The Diary of Harry Harrison: Mystic
December 22nd 1922
Winter Haven Hunting Lodge, Penobscot County, ME
Remember those blood-red stars that Mr. Sutton raved about before he supposedly committed suicide? Well, we have seen them with our own eyes…
I begin, dear reader, from where I left off: travelling through the blizzard-ravaged New England wilderness towards the small settlement of Hudson, ME.
While the drive was perilous, Claude or driver proved more than a match for the road conditions; expertly manoeuvring around fallen trees and snowdrifts. It was not his fault that a strong gust of wind blew our car sideways into a rock, causing my colleague Reginald to smash his head against a window.
We patched him up as best we could (ruining my prop turban in the process) and after repairing the car, continued northwards until we reached Hudson – a town of 370 souls scattered among remote homesteads and along a modest street, set among the forests and hills. As it was getting dark, we persuaded Mr. Fickett: the local store owner to sell us some essentials before putting us up in his storeroom, where it was at least warm and dry.
Quizzing Mr. Fickett about the sinister Stuart Sutton: murderer, we suspected, of his brother Joseph and abductor of Joseph’s pregnant wife Marilyn; we discovered that, while respected as the owner of the Winter Haven Hunting Lodge, he had a reputation as a ‘funny, moody’ character. He also revealed that he had recently taken delivery of ten sets of bedding for the lodge, so we volunteered to deliver them in exchange for our shelter.
The next morning we awoke none the worse from our slumbers and persuaded Claude (who had shared our impromptu lodgings rather than risk a night-time journey back to Bangor) to drive us as near to Winter Haven Lodge as possible. It was during this difficult drive, accompanied by the howling of wolves, that we briefly espied the twin stars glaring balefully down at us, just above Venus as she hovered just above the horizon. A portent perhaps, but of what?
We wound some distance up into the snowy hills until we came to a steep and icy track, up which the car could not traverse. Bidding au revoir to our driver with a request that he telegram a report of Miss Swain, we watched as he made his way back to civilisation before considering how to tackle the frozen slope.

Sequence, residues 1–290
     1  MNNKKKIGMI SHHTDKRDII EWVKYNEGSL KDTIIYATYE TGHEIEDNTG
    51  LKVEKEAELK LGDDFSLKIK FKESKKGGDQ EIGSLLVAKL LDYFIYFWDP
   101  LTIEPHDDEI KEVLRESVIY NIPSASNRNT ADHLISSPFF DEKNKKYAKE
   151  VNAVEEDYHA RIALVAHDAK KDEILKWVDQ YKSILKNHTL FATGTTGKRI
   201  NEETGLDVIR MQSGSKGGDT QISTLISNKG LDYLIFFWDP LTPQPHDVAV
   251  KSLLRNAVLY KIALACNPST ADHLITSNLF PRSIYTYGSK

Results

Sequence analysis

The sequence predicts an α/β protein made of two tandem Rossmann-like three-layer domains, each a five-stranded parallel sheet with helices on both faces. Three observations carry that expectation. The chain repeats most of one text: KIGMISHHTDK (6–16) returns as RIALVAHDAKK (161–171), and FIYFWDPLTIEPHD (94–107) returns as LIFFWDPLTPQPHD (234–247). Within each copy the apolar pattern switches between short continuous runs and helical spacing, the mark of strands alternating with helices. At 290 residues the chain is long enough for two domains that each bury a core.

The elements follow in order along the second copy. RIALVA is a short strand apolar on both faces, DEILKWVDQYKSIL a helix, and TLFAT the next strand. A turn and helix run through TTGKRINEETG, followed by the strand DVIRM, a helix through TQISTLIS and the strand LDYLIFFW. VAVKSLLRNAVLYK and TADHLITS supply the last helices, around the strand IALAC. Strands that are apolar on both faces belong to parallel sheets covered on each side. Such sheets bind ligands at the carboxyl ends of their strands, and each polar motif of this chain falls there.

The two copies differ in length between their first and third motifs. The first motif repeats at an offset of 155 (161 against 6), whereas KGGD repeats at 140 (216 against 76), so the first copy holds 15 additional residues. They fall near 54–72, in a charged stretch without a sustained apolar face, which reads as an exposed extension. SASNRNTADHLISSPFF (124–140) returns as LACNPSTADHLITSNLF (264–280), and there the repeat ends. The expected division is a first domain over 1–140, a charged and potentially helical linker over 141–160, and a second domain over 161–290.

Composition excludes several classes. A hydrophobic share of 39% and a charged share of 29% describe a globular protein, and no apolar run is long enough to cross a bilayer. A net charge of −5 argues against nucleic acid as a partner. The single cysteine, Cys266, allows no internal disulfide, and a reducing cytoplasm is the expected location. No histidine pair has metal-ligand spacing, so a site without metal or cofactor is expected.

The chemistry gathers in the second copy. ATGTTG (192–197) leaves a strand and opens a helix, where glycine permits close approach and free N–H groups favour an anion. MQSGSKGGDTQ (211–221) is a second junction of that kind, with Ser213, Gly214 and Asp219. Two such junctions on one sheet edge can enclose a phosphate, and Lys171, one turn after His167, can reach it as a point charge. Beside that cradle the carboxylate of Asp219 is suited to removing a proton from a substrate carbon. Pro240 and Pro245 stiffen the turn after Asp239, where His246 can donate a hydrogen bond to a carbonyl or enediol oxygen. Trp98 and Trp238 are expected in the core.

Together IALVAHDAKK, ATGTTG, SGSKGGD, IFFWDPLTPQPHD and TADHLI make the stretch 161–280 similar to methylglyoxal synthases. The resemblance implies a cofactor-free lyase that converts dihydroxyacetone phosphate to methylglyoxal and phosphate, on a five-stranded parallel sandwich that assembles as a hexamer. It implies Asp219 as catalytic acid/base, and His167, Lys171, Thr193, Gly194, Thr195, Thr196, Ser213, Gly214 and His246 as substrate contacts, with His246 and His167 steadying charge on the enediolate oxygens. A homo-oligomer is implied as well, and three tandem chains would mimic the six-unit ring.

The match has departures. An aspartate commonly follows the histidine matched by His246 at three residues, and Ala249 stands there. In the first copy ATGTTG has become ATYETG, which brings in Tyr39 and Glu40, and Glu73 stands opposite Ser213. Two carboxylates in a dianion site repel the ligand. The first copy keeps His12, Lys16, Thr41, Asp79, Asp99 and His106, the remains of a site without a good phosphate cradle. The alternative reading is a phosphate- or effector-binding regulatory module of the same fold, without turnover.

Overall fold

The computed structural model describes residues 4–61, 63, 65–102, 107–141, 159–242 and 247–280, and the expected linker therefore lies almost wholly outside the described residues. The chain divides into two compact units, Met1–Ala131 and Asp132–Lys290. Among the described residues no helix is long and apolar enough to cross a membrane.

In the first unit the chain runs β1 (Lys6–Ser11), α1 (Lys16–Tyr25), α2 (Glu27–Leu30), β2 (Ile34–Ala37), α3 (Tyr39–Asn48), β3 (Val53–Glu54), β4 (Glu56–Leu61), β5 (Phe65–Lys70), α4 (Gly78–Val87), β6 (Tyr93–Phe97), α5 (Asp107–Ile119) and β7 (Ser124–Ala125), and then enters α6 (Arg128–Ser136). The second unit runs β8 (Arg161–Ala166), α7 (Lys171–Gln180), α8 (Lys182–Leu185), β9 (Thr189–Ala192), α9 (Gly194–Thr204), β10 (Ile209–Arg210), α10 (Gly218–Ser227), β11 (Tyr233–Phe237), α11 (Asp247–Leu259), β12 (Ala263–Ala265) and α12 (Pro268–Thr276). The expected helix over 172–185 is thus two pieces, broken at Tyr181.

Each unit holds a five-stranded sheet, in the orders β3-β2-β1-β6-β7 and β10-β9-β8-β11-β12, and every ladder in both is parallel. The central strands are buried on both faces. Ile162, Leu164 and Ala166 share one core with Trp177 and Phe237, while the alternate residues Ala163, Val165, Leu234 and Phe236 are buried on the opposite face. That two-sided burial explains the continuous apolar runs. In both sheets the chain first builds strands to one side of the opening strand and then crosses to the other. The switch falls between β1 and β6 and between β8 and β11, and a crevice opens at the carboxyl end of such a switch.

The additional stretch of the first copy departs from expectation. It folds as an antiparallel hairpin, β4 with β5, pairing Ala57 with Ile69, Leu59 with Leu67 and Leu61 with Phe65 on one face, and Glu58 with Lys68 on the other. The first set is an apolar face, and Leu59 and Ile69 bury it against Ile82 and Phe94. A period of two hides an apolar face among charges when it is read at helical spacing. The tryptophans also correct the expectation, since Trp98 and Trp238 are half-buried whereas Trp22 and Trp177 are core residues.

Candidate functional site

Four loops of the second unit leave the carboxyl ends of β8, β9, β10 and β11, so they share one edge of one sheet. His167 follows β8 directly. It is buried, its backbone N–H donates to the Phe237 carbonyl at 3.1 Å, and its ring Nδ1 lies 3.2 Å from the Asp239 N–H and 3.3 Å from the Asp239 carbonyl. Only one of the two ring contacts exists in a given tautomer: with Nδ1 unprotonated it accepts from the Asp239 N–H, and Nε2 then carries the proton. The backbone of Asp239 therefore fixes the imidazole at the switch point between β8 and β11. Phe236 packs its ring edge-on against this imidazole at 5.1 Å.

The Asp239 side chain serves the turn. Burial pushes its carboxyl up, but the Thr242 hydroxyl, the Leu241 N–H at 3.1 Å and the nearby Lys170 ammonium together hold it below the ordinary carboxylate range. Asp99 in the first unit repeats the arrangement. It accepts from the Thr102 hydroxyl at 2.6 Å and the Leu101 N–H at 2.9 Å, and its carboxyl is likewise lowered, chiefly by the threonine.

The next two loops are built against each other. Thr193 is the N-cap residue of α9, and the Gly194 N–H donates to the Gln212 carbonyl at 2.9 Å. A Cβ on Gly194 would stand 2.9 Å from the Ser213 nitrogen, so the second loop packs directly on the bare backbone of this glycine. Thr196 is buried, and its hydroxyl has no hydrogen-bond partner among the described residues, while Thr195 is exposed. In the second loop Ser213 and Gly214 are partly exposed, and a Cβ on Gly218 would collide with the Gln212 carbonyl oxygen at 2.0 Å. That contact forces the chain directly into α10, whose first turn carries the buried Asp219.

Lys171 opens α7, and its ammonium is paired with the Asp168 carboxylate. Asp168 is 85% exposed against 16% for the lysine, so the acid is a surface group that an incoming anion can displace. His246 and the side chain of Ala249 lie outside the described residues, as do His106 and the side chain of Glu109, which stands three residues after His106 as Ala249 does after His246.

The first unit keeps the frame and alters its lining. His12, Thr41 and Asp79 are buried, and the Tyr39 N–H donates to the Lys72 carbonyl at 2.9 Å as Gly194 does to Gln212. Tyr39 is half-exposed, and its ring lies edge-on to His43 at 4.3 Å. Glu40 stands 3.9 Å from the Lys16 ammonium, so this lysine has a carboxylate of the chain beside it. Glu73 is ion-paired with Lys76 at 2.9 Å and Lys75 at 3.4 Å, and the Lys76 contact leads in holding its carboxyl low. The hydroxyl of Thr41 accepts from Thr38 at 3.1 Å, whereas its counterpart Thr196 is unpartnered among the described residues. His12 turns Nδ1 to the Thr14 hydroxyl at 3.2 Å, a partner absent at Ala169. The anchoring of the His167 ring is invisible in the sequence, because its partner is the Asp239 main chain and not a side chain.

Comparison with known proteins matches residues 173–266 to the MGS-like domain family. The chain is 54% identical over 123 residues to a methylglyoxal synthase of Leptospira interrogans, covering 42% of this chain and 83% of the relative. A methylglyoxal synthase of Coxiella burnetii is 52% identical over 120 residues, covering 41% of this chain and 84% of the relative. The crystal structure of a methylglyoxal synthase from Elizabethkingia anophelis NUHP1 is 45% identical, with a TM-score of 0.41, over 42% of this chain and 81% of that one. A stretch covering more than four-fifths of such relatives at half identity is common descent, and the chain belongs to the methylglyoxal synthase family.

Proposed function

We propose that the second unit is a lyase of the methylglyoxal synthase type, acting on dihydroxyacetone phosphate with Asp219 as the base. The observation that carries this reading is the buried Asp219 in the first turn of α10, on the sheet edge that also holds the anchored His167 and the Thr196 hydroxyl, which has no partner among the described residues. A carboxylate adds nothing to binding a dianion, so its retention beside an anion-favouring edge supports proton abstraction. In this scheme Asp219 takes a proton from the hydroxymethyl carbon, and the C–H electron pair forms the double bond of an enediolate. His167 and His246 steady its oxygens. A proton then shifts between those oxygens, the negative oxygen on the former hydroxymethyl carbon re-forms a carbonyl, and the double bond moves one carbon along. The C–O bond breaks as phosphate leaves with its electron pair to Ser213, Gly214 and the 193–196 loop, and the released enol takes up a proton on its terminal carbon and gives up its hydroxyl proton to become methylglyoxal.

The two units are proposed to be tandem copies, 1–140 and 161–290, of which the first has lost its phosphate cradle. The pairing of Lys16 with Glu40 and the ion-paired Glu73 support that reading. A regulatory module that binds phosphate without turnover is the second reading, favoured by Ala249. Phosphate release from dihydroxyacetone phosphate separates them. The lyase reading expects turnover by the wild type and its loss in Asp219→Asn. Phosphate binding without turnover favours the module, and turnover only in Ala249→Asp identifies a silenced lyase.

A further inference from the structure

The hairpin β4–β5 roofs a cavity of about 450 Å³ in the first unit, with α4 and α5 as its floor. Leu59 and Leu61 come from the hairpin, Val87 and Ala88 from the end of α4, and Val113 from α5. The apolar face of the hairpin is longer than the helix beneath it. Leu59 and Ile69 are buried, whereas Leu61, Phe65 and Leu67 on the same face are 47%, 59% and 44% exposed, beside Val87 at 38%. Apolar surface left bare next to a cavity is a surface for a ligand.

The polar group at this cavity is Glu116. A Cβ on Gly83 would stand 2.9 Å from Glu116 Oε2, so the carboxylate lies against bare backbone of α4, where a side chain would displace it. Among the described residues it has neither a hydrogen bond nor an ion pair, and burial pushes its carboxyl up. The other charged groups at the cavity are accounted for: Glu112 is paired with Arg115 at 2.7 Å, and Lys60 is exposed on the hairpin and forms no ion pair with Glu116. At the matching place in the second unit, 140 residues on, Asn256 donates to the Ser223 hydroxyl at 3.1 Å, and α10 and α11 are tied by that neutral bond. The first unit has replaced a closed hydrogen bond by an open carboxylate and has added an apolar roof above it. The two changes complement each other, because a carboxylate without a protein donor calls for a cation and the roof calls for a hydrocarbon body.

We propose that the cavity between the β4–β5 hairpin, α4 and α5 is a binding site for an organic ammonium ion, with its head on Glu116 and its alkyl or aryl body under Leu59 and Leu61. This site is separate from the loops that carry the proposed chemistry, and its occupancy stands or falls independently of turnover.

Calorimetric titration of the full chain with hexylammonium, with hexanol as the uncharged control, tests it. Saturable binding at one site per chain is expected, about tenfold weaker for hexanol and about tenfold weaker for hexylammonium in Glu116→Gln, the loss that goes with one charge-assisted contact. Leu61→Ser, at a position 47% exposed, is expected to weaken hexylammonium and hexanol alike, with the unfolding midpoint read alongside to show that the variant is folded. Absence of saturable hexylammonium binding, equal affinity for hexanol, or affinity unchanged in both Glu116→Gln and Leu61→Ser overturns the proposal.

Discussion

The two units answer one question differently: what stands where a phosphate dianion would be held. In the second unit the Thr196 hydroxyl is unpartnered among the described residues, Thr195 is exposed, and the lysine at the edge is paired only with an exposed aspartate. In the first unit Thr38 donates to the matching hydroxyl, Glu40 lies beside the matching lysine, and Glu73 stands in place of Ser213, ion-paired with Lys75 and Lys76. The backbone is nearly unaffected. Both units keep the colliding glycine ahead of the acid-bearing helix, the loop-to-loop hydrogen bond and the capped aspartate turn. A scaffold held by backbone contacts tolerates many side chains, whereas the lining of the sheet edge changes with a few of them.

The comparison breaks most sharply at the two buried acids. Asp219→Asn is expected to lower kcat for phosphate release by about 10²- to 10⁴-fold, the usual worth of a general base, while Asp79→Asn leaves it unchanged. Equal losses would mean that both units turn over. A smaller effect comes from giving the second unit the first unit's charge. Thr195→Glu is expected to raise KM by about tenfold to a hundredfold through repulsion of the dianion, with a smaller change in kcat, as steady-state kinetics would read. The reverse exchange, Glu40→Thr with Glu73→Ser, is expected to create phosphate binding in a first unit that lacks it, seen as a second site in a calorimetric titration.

Laden as we were with our own baggage and the lodge’s bedding, this was no easy task! However, with the aid of a stout rope and a makeshift sledge made out of a waterproof sheet, we eventually made it up the slippery incline at the cost of a few bumps and scrapes. Exhausted from our exertions and with the bitterly cold wind chilling us to the bone, we tumbled into the lodge…
In the reception area we were greeted by the Indian receptionist Achak, whose wife Hurit was busy housekeeping nearby. Though bewildered by our unexpected presence, he booked us into two rooms (I sharing with Monty in room 1, Reg and Bob in room 2) before showing us into a large octagonal lounge, ringed by a balcony above. With a stern warning against trespassing into the staff-only areas or the external guest cabin, he took our baggage upstairs.
By the time he returned we had met two of our fellow guests: the Italian-American Morello’s, namely Rose; a bored and standoffish young lady and Dominic; her surly and overprotective father. Talking to Achak, I tried to bring up the subject of his employer and the death of his brother, but met with no response save that it was best not to disturb Sutton.
After retiring to our rooms to freshen up it was time to mingle with the other guests at lunch. We got little else out of the Morello’s, save that they were on vacation. We also introduced ourselves to Arthur Burgess, a young spiky-haired weird fiction writer who was ‘working on a plot’ and Dr. Quentin Wentworth, a frail older medical man with fondness for brandy who was recovering from a heart attack.
The buffet lunch was pleasant and convivial, but was interrupted by a heavy ‘thump’ that rattled one of the external walls. Looking through a window we saw a strange indentation in the snow, so excusing ourselves, we braved the cold and went outside to investigate. We were puzzled by what we saw: meter-wide, splayed-leaf-shaped prints in the snow. Spaced about four yards apart, they led from the Lodge into the woods. Here they disappeared, but the lack of snow on some of the branches indicated that whatever made them had gone up into the trees…
Perplexed, we headed back to the warmth of the lodge, using the opportunity to snoop around a bit. Despite being warned off, we went to the guest cabin, which appeared occupied although the curtains were too tightly closed to be sure. Reg knocked on the door, only to be abruptly shooed off by a severe middle-aged woman.
Thus thwarted we returned to the Lodge, where a slightly unsteady Dr. Wentworth managed to treat Reg’s battered face and our other minor injuries. Alas I then put my foot in it somewhat. It transpired that Wentworth knew our deceased employer Dr. Harrod from medical school. Tactlessly I mentioned the latter’s gruesome, frozen death, causing the former to have a heart attack!
As the good doctor fainted, Bob and Achak raced to his room (room 6) to find his pills. These turned out to by nitro-glycerine pills: dangerous but vital to his health. Bob deftly threw them to Monty, who swiftly administered one to Wentworth, bringing him round enough to be helped to his room for some much-needed rest.